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A quick chat with Anna Millward

Life after racing and Millward bikes

Anna Millward has spent the last couple of years attempting to recover from a leg injury that has left her unable to produce maximum pedalling power. Now back in Australia and effectively - if not 'officially' - retired from racing, she tells John Stevenson what she's been up to.

Anna Millward
Photo: © Gerard Knapp
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Former world number one Anna Millward says she hasn't formally retired from cycling, but after two years of struggling to deal with a nagging injury problem, it seems unlikely she'll be back racing bikes any time soon.

Cyclingnews bumped into Anna at the recent Bicycling Australia trade show, where she was hanging out on the booth of Melbourne frame builder Alchemy, showing off the women's frames she's recently helped the company develop. In a subsequent email chat we found out what she's up to in life and in sport.

First, though, that leg. Will it ever be right? "Well I am an eternal optimist," Anna told Cyclingnews, "which is why I held on through two years of steady deterioration of my leg's ability to pedal. But I have seen no improvement despite seeing many specialists and undergoing surgery. I cannot bring myself to say that I will never be able to race again but things aren't looking good!"

While things may not be looking good on the cycling front, Anna has returned to her career as a lawyer with the Deacons law firm: "They have been great to accept me back after a 5 year hiatus," she said. And since she can't compete with her legs, she's taken to the water.

"I have also taken up kayaking as an outlet for my competitive side," she said. "The challenge of remaining upright in a racing kayak has kept me occupied that's for sure."

Then there's the Millward bikes, the first 'product' of a relationship with Alchemy that goes back a few years. Anna takes up the story: "Alchemy are a long-time supporter of mine - I first raced on an Alchemy in 1997. Alchemy custom-made the bike for me and I felt they really got things right for me as a person of smaller stature. They continued to support me even when I signed my contract with Saturn - once making a bike for me which they knew I could only ride for about six weeks before my contract formally began. They also sponsored the VIS during this period.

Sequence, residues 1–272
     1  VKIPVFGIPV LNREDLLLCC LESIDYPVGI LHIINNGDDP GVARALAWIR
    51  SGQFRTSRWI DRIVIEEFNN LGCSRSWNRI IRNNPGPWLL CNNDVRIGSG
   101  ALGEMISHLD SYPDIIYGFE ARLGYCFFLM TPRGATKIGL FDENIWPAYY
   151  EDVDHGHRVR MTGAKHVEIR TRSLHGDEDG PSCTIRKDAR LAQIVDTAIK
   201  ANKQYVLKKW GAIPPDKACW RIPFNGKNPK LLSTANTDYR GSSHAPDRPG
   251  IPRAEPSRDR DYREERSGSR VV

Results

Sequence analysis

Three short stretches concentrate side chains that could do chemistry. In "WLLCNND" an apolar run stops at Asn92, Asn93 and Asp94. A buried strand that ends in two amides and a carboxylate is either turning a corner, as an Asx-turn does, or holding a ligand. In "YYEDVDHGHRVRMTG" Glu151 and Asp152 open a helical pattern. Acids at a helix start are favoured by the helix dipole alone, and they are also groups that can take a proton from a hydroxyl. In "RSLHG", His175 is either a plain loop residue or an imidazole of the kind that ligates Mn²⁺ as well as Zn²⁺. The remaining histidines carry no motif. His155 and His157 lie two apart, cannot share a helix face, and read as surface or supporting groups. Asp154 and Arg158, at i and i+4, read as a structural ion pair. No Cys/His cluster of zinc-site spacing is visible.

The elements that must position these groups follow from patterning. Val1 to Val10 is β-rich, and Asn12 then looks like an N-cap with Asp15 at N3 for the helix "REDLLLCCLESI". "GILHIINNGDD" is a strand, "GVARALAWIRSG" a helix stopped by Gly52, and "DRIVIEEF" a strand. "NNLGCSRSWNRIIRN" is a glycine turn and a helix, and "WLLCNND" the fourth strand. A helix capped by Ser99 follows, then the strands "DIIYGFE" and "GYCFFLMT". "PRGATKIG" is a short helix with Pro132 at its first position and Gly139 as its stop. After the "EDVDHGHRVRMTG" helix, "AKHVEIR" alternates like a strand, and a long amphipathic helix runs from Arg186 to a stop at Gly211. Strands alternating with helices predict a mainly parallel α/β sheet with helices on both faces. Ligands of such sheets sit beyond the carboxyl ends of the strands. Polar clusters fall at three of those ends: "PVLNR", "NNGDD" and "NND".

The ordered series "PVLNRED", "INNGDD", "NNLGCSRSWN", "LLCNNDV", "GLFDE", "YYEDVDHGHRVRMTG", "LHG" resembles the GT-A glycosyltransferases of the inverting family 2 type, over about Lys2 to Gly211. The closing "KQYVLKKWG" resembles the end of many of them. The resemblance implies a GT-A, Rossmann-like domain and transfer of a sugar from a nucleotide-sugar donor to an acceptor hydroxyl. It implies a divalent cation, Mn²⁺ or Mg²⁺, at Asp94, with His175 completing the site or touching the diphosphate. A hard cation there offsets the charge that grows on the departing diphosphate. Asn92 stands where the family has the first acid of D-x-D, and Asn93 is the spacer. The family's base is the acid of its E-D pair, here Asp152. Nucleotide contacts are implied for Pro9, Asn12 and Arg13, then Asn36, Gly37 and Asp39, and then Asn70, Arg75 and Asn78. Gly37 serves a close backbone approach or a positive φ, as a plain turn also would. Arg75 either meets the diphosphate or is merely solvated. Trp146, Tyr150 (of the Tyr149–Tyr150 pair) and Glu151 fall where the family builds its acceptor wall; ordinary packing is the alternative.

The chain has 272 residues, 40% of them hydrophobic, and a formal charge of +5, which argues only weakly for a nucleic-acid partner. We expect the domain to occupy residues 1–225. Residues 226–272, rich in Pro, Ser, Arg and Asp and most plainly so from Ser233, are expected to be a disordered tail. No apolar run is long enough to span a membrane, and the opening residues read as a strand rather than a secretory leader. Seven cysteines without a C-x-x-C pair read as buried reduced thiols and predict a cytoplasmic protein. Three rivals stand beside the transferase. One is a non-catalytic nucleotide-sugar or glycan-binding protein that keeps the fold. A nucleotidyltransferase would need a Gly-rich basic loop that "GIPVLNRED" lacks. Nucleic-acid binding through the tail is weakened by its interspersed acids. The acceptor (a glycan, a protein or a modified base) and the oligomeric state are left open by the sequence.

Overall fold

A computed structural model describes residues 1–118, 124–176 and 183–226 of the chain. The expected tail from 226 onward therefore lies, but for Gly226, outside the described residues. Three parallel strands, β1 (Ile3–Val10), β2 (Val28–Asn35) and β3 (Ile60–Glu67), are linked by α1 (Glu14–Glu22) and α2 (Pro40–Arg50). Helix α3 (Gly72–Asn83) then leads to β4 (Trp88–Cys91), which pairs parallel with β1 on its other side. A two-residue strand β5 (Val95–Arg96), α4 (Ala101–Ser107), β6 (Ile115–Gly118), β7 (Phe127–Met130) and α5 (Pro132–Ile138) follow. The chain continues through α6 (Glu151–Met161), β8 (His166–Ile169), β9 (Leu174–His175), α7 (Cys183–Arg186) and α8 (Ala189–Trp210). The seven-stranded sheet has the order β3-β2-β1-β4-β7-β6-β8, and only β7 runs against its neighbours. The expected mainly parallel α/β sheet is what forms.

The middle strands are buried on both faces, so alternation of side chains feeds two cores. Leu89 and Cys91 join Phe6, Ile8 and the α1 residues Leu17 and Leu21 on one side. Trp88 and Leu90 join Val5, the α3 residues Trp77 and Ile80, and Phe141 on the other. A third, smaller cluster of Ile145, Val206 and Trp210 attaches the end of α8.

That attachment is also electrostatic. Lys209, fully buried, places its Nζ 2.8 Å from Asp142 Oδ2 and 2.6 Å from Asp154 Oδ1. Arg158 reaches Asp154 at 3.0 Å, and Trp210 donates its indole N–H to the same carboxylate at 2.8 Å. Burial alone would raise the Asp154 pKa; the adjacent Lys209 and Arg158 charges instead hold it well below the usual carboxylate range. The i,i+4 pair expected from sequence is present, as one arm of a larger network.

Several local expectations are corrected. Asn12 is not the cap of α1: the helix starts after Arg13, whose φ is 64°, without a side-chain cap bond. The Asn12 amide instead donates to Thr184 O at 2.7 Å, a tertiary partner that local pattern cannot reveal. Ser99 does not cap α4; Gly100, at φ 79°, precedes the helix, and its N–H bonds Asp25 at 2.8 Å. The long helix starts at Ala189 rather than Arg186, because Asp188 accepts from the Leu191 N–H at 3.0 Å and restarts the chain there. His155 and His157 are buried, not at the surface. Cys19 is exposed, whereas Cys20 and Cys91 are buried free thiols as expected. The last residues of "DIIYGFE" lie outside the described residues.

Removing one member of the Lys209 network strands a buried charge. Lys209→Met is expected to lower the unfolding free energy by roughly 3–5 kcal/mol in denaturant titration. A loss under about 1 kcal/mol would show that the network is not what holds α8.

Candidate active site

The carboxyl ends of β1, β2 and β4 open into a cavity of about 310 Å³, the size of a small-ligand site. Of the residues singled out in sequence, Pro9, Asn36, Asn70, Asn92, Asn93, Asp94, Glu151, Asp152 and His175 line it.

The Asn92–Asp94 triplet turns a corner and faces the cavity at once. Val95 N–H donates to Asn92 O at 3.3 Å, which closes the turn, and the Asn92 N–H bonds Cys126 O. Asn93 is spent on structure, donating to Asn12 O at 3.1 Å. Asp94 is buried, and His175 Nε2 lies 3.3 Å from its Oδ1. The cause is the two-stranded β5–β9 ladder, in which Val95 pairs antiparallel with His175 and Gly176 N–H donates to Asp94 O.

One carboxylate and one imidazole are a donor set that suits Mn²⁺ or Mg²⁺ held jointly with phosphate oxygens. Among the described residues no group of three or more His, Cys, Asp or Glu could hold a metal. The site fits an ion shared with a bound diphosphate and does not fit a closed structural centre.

"Alchemy approached me towards the end of last year to see if I would be interested in helping them develop racing bikes specifically for women. Since I was in limbo with my injury and had some time on my hands it was an awesome opportunity for me. Alchemy already had experience in designing bikes for smaller people and that was a big focus of mine just because of my personal experience in struggling to get bikes to fit me properly. However, we wanted to make bikes for women of all sizes so we developed a range of sizes and quality of bikes."

"In general, a woman will have a shorter torso and shorter arms than a man of the same height. That is why many women feel that bikes are too long for them - the handlebars really are too far away even if a male of the same height feels fine. Add to this the fact that women tend to be shorter than men and the result is that women really need some bikes that are a lot shorter in the top tube. So we designed the 'Millward' bikes to be shorter in the top tube than the 'standard' dimensions. For women my size and smaller we kept the top tube as short as we could without creating significant overlap between the pedal and the front wheel. To help keep the handlebars within reach we have sourced headstems from 50mm upwards so even the most petite should find a bike to fit them.

"The bikes also come with women's saddles and the smaller sizes come with 38cm handlebars to suit the smaller shoulders of women. All the bikes will come with Shimano's short reach levers and of course, most importantly, the colours will be a little brighter than your average 'men's' racer.

"All in all, I hope we have succeeded in creating bikes which will be really comfortable for women, which will lead to better handling and performances by female cyclists."

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